Did you know that most of us spend more money on holidays each year in pursuit of some rest and relaxation while sleep on an old, lumpy, mattress night after night at home without a grumble? This comes as a big surprise when you consider that we spend more than a third of our life in bed. Put simply, by the time you are 60, you will have spent 20 years of your life between the sheets.
There have been a number of surveys about sleeping patterns, including how large proportions of the population are not getting enough sleep or are having trouble sleeping. According to research conducted by Future Laboratory (April 2009), 8.5 million Britons are sleeping as little as four and a half hours a night and 1.5 million exist on as little as 3.5 hours.
One in three of those surveyed felt that being sleepy affected their daytime performance and one in four said that it made them feel irritable and unable to function properly.
A good bed is hugely important because our sleep is hugely important- it’s when our body takes time to restore itself: tissues regenerate, muscle builds, fat metabolises and blood sugar and insulin regulates.
Lack of sleep can be the cause of many aches and pains, both physically and mentally. Sleep deprivation reduces our ability to think, to handle stress, to maintain a healthy immune system and to moderate our emotions. It can make us irritable, slow down our reaction times and has even been linked to heart disease and depression. In short, no sleep is no fun!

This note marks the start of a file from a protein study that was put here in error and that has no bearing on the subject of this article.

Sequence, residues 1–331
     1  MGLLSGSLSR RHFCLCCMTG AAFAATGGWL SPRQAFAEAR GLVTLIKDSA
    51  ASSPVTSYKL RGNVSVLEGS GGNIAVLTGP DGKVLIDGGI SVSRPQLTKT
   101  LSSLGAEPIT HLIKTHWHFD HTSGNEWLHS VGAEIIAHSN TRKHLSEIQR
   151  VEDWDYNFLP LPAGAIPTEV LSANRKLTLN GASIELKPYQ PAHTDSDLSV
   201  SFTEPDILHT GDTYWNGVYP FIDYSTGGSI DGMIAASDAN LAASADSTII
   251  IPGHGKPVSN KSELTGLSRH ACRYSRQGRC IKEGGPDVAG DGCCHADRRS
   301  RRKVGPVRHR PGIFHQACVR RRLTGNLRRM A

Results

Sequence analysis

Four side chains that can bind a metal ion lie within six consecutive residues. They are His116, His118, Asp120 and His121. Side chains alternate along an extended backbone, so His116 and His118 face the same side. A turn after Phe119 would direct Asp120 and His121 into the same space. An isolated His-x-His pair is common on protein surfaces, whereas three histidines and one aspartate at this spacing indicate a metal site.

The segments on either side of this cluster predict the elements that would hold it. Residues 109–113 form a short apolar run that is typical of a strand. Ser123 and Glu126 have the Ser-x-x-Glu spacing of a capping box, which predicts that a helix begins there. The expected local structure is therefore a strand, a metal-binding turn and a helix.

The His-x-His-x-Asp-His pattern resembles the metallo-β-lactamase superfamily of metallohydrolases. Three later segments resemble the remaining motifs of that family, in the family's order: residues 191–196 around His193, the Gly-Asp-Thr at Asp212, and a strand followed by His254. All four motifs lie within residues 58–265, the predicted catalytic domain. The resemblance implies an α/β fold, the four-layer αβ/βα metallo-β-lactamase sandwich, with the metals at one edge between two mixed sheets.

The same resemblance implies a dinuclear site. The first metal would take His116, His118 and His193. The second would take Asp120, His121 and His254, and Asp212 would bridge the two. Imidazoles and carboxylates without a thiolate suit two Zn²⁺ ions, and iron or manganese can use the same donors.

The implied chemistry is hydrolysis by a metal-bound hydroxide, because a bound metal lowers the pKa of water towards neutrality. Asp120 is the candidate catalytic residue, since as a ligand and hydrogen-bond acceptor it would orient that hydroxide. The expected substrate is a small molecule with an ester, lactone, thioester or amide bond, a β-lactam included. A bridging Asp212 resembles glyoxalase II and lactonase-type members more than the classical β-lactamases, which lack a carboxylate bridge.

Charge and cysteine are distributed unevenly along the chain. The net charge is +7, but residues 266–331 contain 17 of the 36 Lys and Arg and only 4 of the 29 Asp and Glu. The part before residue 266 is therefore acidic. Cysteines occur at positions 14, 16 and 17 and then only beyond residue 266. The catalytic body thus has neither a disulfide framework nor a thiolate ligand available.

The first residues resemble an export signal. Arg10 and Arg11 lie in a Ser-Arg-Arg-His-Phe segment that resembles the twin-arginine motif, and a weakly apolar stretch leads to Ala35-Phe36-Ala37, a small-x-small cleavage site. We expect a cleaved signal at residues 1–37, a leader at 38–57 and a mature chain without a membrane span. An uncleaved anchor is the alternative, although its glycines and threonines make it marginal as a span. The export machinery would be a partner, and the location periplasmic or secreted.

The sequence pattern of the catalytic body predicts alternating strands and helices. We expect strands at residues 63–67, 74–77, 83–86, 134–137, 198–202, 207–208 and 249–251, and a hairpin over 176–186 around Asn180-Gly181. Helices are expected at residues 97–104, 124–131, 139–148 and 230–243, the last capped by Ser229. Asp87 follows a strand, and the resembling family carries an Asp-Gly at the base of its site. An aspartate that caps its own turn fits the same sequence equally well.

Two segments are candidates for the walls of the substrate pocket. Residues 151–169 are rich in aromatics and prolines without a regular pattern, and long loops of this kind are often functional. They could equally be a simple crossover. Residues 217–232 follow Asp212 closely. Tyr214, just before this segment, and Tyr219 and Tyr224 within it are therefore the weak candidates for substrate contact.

Although we are usually not aware of it, we all toss and turn all through the night and in moderation, this is normal- it’s the frequency at which we toss and turn that is important. An uncomfortable mattress means we toss and turn more frequently, resulting in poor sleep. A comfortable mattress on an old, worn out base can cause problems too, so it’s important the base is in a good condition. Another thing to consider is your back. Many people complain from back aches and pains, which could be caused by sleeping uncomfortably on worn out beds.
Furthermore, we all sweat an average of half a pint each night which is absorbed by our mattress. We also shed dead skin cells that attract dust mites, known to trigger or worsen allergies in many people. For this reason, you should change your mattress every 8-10 years.
Buying a new bed is one of the most important purchases you’ll ever make, so be sure to seek out expert advice and get a good look and feel of what you will be spending all that time on! To start you on your way, Furniture Village’s Expert Bed Buyer, Sue Killick has shared her top 10 tips to consider before buying a new bed:
- A mattress that is 8-10 years old will have deteriorated by as much as 75% from when it was new and will be home to thousands of dust mites which can trigger or worsen allergies
- Your bed should be 10-15cm longer than its tallest occupant for a satisfying night’s sleep
- If you share a bed with your partner, make sure you try out the bed together and if both of you have very different weights, you may both find comfort in different mattress tensions- for example a zip and link system.
- If you suffer from allergies or asthma, make sure check what your mattress is made of- it’s simple thing many people forget to consider.
- Make it realistic- take off your coat and shoes and lie down in several different sleeping positions.
- Lie on your back and slip your hand between the base of your spine and the mattress- if this is difficult the mattress may be too soft, and if it is too easy the mattress may be too hard
- Bigger is better- buy the biggest bed you can comfortably fit into your room ensuring you leave enough space around your bed to open drawers and wardrobes
- A new mattress on an old bed base will develop the same faults as the old one, so buying a complete new bed could be more cost effective
- Remember that every £100 you spend on a new bed costs only 2.7p per night over 10 years- a bargain!
- Ask the FV Bed Shop experts for advice about caring for your bed and about the Furniture Village five year quality guarantee.